One of the newest additions to The Commons’ business scene offers a combination of services that, its owners say, is not available elsewhere in the Ithaca area. Lot 10 Kitchen & Lounge, which occupies the space at 106 South Cayuga St. formerly leased by Delilah’s on Cayuga, opened its kitchen last week to add to its two-month-old bar and lounge.
Matthew Riis ’02, co-owner of Lot 10 with business partner Justin McGuire, decided to open the business with a bar and cocktail lounge, which have been open since Feb. 4, and the kitchen, which opened April 3. The two were attracted by the space’s history as not only a restaurant but also as an entertainment spot, Riis said.
“We have a bar, a venue, a restaurant and a cocktail lounge all under the same roof,” Riis said. “It’s an eclectic place that has a little bit of something for everyone.”
The kitchen, Riis said, has been a work in progress since January. Riis also said the kitchen offers tapas-style dining featuring new American cuisine. The menu consists of dishes that include but are not limited to Asian curry dishes, Buffalo chicken and Vietnamese sliders.
“It really comes to draw on all the different ethnic influences that are inherent in the American culture and are certainly alive and well in Ithaca,” he said.
With the combination of entertainment and the food, Riis said, he and McGuire can each concentrate on their past experiences. Riis has done freelance marketing and events planning in Ithaca for three years and recently worked as marketing and events manager for the Downtown Ithaca Alliance, and McGuire worked at the former Lost Dog Café, which also previously occupied Lot 10’s current space, and has owned Bella Pizzeria for the last two years.
“It seemed like this was the perfect opportunity for us to both have areas of expertise under one roof,” he said.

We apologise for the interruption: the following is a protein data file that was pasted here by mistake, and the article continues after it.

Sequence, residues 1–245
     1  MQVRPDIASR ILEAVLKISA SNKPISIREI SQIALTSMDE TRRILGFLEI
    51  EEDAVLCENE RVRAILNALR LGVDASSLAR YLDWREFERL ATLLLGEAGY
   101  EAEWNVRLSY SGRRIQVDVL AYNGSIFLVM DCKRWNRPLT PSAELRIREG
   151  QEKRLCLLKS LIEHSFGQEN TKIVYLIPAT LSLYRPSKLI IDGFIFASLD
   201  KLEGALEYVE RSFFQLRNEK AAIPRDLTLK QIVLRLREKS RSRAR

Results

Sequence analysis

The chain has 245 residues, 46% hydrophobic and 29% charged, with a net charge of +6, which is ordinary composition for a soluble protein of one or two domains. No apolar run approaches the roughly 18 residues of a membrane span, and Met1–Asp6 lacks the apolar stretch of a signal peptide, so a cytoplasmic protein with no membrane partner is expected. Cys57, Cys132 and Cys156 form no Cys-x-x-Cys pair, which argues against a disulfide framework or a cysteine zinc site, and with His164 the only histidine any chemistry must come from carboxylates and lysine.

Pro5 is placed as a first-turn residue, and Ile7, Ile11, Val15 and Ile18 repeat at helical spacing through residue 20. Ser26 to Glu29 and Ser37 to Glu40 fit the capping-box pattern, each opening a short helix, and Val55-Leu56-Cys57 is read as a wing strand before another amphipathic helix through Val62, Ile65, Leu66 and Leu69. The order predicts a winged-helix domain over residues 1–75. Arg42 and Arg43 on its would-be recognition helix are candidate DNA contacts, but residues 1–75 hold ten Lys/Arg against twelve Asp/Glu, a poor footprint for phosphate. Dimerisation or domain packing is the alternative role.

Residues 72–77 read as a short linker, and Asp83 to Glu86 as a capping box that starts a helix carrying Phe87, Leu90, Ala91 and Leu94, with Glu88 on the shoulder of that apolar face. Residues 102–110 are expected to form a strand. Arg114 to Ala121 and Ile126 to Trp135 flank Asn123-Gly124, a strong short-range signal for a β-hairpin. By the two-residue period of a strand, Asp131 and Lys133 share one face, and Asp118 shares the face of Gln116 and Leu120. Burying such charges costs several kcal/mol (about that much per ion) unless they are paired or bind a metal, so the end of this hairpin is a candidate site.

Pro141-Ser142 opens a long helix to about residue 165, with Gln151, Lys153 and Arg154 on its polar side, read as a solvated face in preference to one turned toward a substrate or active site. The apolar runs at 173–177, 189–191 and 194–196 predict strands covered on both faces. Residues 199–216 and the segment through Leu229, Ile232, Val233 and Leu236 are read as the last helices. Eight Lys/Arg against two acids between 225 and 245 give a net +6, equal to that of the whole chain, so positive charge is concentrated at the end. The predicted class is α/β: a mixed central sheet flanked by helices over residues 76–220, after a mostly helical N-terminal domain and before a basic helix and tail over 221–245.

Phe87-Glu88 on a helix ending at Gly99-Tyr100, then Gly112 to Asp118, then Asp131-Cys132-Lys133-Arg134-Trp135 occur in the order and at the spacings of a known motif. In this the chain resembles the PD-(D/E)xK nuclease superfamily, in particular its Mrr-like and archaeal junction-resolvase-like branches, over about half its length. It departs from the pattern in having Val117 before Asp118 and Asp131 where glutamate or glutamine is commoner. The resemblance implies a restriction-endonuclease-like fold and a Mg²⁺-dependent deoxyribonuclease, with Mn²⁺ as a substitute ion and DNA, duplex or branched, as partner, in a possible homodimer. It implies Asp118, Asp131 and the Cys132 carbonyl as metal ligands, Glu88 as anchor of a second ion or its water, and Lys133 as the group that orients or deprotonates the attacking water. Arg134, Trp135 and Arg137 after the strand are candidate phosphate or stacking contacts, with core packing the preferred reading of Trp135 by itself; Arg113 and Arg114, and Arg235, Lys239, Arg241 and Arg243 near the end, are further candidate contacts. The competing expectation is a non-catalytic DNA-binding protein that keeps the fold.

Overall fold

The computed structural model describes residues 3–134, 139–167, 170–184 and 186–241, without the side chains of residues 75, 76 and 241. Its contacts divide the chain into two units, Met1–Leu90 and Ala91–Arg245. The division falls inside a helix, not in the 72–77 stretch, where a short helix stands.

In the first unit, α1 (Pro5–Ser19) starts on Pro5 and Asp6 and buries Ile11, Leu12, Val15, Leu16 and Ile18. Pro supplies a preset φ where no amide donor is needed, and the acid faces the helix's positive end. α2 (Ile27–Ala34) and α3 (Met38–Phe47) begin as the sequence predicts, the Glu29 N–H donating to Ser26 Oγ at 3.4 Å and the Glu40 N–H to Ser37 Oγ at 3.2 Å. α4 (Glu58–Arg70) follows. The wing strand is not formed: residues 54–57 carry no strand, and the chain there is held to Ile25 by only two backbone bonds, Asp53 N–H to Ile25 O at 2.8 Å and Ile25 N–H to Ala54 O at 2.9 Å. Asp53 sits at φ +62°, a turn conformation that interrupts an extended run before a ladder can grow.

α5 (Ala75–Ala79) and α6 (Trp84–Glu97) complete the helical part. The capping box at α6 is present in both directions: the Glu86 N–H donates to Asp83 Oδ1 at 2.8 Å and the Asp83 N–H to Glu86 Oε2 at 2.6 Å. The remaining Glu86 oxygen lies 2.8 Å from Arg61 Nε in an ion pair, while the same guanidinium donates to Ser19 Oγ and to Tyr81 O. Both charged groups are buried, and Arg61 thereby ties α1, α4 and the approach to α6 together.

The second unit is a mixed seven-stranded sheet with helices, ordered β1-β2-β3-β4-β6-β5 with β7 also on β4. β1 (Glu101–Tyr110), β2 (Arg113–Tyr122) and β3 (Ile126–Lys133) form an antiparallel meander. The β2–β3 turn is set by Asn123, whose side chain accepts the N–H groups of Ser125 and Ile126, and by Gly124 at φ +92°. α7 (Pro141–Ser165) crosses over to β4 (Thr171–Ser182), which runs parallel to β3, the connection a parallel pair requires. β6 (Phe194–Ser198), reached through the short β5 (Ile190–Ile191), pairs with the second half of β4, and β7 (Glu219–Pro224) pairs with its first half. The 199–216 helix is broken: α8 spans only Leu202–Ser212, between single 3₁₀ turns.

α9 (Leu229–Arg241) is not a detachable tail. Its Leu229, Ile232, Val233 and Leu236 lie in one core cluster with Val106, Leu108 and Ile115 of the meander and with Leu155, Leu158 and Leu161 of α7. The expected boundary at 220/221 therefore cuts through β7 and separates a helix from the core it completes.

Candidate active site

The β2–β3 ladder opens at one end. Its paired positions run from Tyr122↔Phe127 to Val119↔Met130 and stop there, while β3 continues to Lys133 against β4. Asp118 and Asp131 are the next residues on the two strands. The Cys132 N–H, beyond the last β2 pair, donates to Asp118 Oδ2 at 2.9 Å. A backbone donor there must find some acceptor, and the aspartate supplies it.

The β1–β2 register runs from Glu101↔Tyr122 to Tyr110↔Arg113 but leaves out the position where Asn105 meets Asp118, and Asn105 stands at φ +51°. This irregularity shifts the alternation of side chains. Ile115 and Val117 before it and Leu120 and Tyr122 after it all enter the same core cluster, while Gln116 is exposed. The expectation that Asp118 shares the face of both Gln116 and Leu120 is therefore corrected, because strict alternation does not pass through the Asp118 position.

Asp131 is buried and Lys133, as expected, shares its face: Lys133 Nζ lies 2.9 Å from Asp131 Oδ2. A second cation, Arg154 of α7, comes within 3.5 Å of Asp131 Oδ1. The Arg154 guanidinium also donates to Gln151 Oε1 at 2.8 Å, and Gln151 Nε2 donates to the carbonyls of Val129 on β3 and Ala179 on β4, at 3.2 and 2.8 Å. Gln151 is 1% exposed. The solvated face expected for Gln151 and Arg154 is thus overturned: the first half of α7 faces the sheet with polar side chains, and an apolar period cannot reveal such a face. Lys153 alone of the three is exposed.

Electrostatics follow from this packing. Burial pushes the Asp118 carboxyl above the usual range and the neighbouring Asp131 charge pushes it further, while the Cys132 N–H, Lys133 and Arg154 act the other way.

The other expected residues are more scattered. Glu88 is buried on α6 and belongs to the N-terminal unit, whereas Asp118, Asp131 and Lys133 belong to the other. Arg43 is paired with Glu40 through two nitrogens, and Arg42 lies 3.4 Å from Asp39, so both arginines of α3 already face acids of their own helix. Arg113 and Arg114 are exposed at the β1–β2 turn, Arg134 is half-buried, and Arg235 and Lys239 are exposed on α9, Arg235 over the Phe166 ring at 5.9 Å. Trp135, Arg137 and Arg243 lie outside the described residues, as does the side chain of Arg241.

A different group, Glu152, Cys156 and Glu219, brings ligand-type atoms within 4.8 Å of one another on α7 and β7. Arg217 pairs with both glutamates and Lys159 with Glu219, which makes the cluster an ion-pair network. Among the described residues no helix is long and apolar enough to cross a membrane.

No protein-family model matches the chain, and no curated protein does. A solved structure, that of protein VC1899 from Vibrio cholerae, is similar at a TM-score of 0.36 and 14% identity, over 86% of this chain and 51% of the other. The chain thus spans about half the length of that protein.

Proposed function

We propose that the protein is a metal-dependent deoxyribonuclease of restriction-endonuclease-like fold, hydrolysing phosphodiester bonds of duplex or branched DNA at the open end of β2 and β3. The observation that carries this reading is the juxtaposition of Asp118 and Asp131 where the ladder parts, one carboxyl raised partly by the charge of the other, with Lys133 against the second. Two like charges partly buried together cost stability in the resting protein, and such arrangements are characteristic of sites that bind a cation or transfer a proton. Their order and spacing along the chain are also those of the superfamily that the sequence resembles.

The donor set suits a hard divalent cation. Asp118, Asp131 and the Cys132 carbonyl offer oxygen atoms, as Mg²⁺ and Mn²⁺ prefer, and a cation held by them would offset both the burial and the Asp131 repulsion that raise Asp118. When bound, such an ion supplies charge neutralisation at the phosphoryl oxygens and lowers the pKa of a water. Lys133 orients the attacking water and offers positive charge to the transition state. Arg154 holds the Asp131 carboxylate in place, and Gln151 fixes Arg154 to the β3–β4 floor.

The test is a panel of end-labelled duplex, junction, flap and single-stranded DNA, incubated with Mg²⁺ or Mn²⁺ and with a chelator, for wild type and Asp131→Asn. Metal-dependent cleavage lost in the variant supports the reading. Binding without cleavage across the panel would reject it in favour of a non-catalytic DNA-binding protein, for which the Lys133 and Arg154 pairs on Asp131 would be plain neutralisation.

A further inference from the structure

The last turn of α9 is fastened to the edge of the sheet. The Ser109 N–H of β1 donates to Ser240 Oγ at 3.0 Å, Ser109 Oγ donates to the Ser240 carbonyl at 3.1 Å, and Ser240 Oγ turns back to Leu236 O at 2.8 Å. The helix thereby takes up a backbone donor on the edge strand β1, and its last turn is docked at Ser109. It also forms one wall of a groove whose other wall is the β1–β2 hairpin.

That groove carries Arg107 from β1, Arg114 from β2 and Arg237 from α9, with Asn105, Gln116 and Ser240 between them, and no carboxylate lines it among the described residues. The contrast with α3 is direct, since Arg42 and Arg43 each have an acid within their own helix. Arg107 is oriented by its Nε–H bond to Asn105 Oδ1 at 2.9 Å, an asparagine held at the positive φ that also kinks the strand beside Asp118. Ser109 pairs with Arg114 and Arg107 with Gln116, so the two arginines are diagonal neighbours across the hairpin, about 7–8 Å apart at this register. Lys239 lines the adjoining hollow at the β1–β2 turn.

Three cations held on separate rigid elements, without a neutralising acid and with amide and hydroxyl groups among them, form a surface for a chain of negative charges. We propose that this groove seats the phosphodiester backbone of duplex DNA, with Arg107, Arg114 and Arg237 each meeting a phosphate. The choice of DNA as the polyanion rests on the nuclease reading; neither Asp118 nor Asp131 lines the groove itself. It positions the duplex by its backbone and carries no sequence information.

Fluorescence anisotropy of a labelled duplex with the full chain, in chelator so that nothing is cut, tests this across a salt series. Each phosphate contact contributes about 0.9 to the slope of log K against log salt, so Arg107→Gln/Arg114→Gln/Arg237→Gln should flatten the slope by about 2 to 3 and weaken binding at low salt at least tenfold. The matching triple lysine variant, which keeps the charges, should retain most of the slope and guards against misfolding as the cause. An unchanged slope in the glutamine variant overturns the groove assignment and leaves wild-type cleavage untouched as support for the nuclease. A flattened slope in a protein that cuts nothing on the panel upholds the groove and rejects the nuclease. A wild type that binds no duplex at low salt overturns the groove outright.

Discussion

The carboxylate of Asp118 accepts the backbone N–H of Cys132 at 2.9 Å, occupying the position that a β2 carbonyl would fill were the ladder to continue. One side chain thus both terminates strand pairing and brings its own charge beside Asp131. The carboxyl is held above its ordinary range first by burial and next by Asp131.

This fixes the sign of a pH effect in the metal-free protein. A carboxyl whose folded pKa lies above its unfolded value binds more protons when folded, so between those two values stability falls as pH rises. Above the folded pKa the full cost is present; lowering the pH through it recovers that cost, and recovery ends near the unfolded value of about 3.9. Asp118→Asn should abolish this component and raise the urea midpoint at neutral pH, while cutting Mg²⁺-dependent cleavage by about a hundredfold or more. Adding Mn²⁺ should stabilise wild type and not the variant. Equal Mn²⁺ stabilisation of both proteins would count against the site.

Katie Foley, Lot 10’s front-of-the-house manager, said the business employs more than 20 total staff members. Though about 140 family members, friends and restaurateurs attended a soft opening April 1, she said business for the kitchen has not been too busy yet, but it’s still early.
Foley said she believes Lot 10 will contribute to business in the lounge’s immediate vicinity. Other than The State Theatre, which has the capability to host large venues, Lot 10 is one of the few places to see a bigger show downtown. Castaways, another popular spot for musical talent, announced last month it would shut down its operations in May. Attendees could perhaps then translate into support for other area businesses.
“Unfortunately, I’m looking out the windows right now, and I see ‘For Rent,’ ‘For Rent,’ ‘For Rent,’” Foley said. “I’m hoping that we bring a lot of life down to this end of The Commons and get people excited again about having a live venue.”
Junior Perri Rumstein, a recent Lot 10 customer, said she visited the establishment because of the DJ playing. She added she would continue to go as long as Lot 10 brings in good DJs or musicians. The size of the space, she said, also appealed to her.
“Lot 10 is a good size, whereas the other places are really small and get overtaken very quickly by people,” she said.
In charge of marketing and booking, Riis has already hosted many different types of events to the lounge, such as DJs, musicians and even storytellers.
“Having the lounge open for two months now, we have pretty much sliced into every demographic of Ithaca,” Foley said.